Juneteenth celebrates the end of slavery in the United States. It's been observed on June 19 since 1866, and in 2021 was recognized as a federal holiday. Step inside to learn more about the holiday, as well as Worthington's response to slavery and its nearly 160-year aftermath.
In June 1865, two months after the surrender of the Confederate Army and two years after the Emancipation Proclamation, 250,000 Black people remained enslaved in Texas. On June 19, Union troops arrived at Galveston to share "General Order No. 3," which states, "The people of Texas are informed that, in accordance with a proclamation from the Executive of the United States, all slaves are free."
The following year, June 19, 1866, saw the first large celebration known as Juneteenth, which was carried on for the rest of the century and into the next. Observance of the holiday waned in decades during the mid-20th century, as Black people focused on expansion of their civil rights, but revived in the late 20th century.
As of June 2022, no Juneteenth celebrations are documented in Worthington Memory; however, the history of African Americans in Worthington dates nearly to its beginning. In 1807, four years after Worthington's founding, there are records of payments made to "Black Daniel" for working in Amos Maxfield's brickyard. In 1856, when the country remained in turmoil over the issue of slavery, former enslaved people from Virginia became the first African Americans to buy their own home here. Henry and Dolly Turk purchased the house that still stands at 108 W. New England Avenue, and their family owned it until 1895. Henry had bought his wife's freedom from enslavement in 1838 and, according to an account by Lovisa Wright in 1904, "Henry and Dolly Turk were liked by all."
It’s also possible that, before 1865, hundreds of enslaved people passed through Worthington on their way to seek freedom in Canada. Worthington has long been recognized as having two stops on the Underground Railroad: Ansel Mattoon's house and Ozem Gardner's farmstead in Flint. Oral history has it that Gardner assisted more than 200 enslaved people on their journey.
Although Worthington celebrates its past as an anti-slavery community, throughout its history it has, like the rest of the U.S., grappled with the aftermath of slavery and ever-present racism. A stark example of this is the restrictive covenants found in the deeds of houses in neighborhoods that sprang up throughout Worthington in the post-World War II boom. A "restrictive covenant" is a legally binding contract in the deed that dictates what homeowners may and may not do. One example of a restrictive covenant from Colonial Hills reads "No part of said addition or any buildings there on shall be owned, leased to or occupied by, any person other than one of the Caucasian race…" The clause makes an exception for domestic servants.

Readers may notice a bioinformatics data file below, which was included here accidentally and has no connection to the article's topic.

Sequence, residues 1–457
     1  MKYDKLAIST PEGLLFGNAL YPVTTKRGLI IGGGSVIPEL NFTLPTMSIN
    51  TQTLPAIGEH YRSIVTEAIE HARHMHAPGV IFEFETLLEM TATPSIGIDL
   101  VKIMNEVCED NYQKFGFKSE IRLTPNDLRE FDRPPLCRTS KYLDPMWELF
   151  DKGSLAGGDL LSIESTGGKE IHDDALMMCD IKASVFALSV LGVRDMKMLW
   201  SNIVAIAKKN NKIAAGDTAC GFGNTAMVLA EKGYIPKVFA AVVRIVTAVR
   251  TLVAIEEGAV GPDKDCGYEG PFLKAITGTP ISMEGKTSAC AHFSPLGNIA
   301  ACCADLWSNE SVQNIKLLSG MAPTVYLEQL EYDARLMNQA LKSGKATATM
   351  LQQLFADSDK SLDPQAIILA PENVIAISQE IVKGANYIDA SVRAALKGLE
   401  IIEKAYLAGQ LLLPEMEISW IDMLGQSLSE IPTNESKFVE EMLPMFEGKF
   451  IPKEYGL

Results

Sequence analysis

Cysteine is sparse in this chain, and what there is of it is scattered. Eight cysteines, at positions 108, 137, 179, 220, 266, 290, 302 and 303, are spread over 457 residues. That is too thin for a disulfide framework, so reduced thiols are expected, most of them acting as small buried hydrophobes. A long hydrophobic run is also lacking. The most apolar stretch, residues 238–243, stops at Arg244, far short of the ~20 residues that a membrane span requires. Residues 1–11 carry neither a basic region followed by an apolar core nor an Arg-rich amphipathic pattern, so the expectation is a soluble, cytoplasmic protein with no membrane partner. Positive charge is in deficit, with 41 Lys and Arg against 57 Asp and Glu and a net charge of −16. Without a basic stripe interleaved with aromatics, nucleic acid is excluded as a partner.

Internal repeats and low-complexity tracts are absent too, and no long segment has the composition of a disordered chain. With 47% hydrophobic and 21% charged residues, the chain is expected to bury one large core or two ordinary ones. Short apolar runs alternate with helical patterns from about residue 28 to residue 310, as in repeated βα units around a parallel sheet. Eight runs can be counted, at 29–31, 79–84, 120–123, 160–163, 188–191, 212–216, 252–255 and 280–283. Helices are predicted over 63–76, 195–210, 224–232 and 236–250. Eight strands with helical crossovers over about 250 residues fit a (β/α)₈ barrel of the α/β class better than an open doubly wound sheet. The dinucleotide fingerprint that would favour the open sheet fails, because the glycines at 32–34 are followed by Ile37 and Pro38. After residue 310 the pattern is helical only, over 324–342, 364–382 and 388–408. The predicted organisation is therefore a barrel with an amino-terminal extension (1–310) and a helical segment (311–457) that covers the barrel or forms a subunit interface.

Riverlea presented another example of this type of exclusion. A February 11, 1987, "Columbus Dispatch" article interviews Harold Jones, associate pastor of the St. John’s A.M.E. Church, who describes the neighborhood's segregation: “One of the ironies, Mr. Jones said, is that James Birkhead, one of the founders of St. John A.M.E. Church, owned a 17-acre farm that became part of Riverlea. The village on the southern edge of Worthington was laid out in 1929, three years after Birkhead died, but not developed until after the Depression and began to boom after World War II. Here was a land a black man had owned that was closed to blacks." Harold Jones and his wife, Juanita, went on to help found the Worthington Human Relations Council in 1963 to address issues of segregation in housing.
In 1958, Robert and Vera Johnson, a Black couple, purchased 12 acres along Flint Road that would become Flintridge Terrace. The couple methodically laid out a community plan for a neighborhood where Black people could own homes in Worthington. The neighborhood’s history and development is described in detail in "Linking Past to Present: An Historical Account of Flintridge Terrace & Its Surrounding Areas."
In 2020, the U.S. finally began to reckon with another aspect of institutionalized racism and the legacy of slavery: police brutality toward Black people. Following the murder of George Floyd in Minnesota, a vast protest movement rose up in all 50 states and around the world. Residents of Worthington joined in several protests throughout the summer. In marches and demonstrations, participants carried signs, played music and called out their support of the Black Lives Matter movement. They laid face-down on the sidewalk with their arms behind their backs for eight minutes and 46 seconds, the length of time that police officer Derek Chauvin kept his knee on Floyd's neck (bodycam footage later revealed the actual time to be nine minutes, 30 seconds).
2021 saw a first in Worthington's history-- the community’s first official Juneteenth celebration. As stated on the City of Worthington's website, "On this Juneteenth holiday, celebrated on June 19 to commemorate the emancipation of enslaved people in the United States, we recognize that 156 years later their ancestors and other people of color are still faced with unequal opportunity and racial discrimination. The Worthington community is committed to condemning racism, working to promote racial equity, and participating in the community dialogue to bring equal treatment and opportunity to all people."
The Juneteenth tradition continues in Worthington this year with a celebration on Saturday, June 18 in observance of the holiday the following day. It’s a time to reflect, learn and celebrate.